Looiersgracht 60 is excited to announce that from 22 June – 10 July it will be presenting ‘Japan, Archipelago of the House’, a travelling exhibition that explores the Japanese house within its physical, cultural and social context. The idea of the Japanese house captivates and intrigues. It is as celebrated as it is vague and indistinct — a phenomenon that has fascinated Europeans for a long time. It is often misunderstood and engaged with out of context, frequently being used to add an air of novelty to international publications. The houses are treated like objects of wonder, plucked out of their environs and placed onto pages that often do not paint a complete picture of their scope and background. Although often praised for the absence of ornament and their simplicity, their habitability is frequently doubted by the very people who admire them for their creativity.
So what do we really know about the Japanese house? What do they look like? Who inhabits them? Leading us through 70 houses, ‘Japan, Archipelago of the House’ is dedicated exclusively to Japanese architects and elegantly addresses the issues of misunderstanding surrounding this phenomenon while providing historical and contextual cues to understanding the development of these unique living spaces. Minimal and homogeneous, the exhibition echoes the simplicity of Japanese design. The exhibition was especially conceived for travel with a lightweight display system made entirely of poplar plywood, a material often used in Japanese houses — and based on the measurement of traditional Japanese tatami.
In order to provide clarity the exhibition has been divided into the following three sections:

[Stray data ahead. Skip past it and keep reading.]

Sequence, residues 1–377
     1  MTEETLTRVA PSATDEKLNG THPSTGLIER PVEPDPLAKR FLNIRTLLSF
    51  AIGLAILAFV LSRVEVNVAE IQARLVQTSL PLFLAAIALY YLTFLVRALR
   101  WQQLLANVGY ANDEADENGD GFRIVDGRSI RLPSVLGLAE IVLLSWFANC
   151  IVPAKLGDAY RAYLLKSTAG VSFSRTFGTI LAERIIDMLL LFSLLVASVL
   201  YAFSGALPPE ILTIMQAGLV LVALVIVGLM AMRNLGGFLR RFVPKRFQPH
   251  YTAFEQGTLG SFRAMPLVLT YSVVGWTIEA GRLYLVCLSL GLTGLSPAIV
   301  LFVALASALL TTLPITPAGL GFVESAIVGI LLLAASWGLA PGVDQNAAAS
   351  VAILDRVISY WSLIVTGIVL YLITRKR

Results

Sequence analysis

This section is comprised of fourteen case studies of famous twentieth century homes built between 1933 and 1984. Although not exhaustive this selection includes houses by famous architects such as Tado Ando and Pritzker Prize winner Toyo Ito. The 14 houses, summarily presented, paint a large and loyal panorama of the architectural typology in the field of housing. They are considered important precedents due not only to the living conditions they support, but also how they respond to the natural and built environment. As a group they constitute an exceptional repertoire, both formal and conceptual, which examines the house’s relationship to its context and the ontological concept of Japaneseness.
A photographic documentary by Jeremie Souteyrat comprised of thirty-six house “portraits” in their environments. A combination of cultural, economic and geographic factors such as a high population density, the high cost of land and earthquakes have resulted in a sense of transience in the architecture. Made of lightweight and transparent materials, the Tokyo house is more of a fleeting fashion statement than a lasting edifice.
Twenty case studies of houses built between 1993 and 2013, by a variety of established architects including Shigeru Ban Architects, Yasushi Horibe, Atelier Bow Wow and Mikan.
View threshold, economy of space, and extreme functionality are some of the themes that are being explored through interviews with their inhabitants and the architects, drawings, maps, photos and videos. Working to meet the personal requirements of the inhabitants within the geographical space afforded, the projects in this section feature striking structural
innovations developed as a result of a commitment to the intended social life of the buildings.